It's time for the National Automobile Dealers Association to reconsider its opposition to the Obama administration's proposed corporate average fuel economy standards for the 2017-25 model years.
NADA is just about the last remaining industry group trying to derail the proposals. The association says it is still raising questions about the proposed standards because it has not received satisfactory answers from the government. The group says it will continue to pursue the issue in 2012 as one of its top legislative priorities.
One NADA question is whether consumers can afford or even want the technology required to meet the standards. The group says the estimated cost would be an average of nearly $3,000 a vehicle to achieve the equivalent of 54.5 mpg by the 2025 model year. The association says it favors a single, national standard but fears the proposed rules would cost jobs and limit consumer vehicle choices.
The group also criticizes the way the proposals were created when the administration allowed the EPA and the California Air Resources Board to participate in the process with the National Highway Traffic Safety Administration, which by law has the sole responsibility.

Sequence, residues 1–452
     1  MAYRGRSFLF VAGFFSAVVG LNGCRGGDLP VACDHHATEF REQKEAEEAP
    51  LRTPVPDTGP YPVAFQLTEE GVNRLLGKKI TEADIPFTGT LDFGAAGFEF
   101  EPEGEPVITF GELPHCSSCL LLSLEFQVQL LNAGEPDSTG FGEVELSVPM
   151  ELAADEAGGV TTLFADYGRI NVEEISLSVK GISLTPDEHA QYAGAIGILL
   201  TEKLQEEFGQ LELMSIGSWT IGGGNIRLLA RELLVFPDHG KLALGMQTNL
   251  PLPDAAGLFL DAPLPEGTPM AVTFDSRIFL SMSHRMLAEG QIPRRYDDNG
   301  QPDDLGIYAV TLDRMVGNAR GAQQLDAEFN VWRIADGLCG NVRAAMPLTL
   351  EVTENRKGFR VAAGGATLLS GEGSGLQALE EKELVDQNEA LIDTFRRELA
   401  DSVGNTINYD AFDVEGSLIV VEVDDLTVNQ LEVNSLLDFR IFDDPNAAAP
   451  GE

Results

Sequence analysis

But the process also gave a voice to automakers, 13 of which publicly supported the fuel economy proposals last July.
The administration's proposals aren't perfect. They include CAFE credits and inducements that unfairly favor the administration's thesis that electrification is the ultimate solution to limit hydrocarbon emissions and improve fuel economy -- at the expense of other, proven technologies such as clean diesels.
At a public policy forum during last week's Automotive News World Congress in Detroit, there were many points of agreement among representatives from the Natural Resources Defense Council, an environmental group; Ricardo Inc., an engineering firm; and the Alliance of Automobile Manufacturers, which represents 12 automakers.
The panelists agreed that despite the administration's predisposition toward electrification, conventional internal combustion engines would still account for a majority, perhaps some 80 percent, of all light vehicles produced for the 2025 model year, thanks to advanced technology.
Consumers have not yet fully embraced electrification, with gasoline-electric hybrids, pure electrics and extended-range electrics accounting for less than 3 percent of U.S. light-vehicle sales. But since the administration's proposals include a provision for a 2018 midcourse review to measure the effects of the standards, there is general agreement that the most reasonable approach for the industry is to get on with it.
NADA would do well to take that into consideration.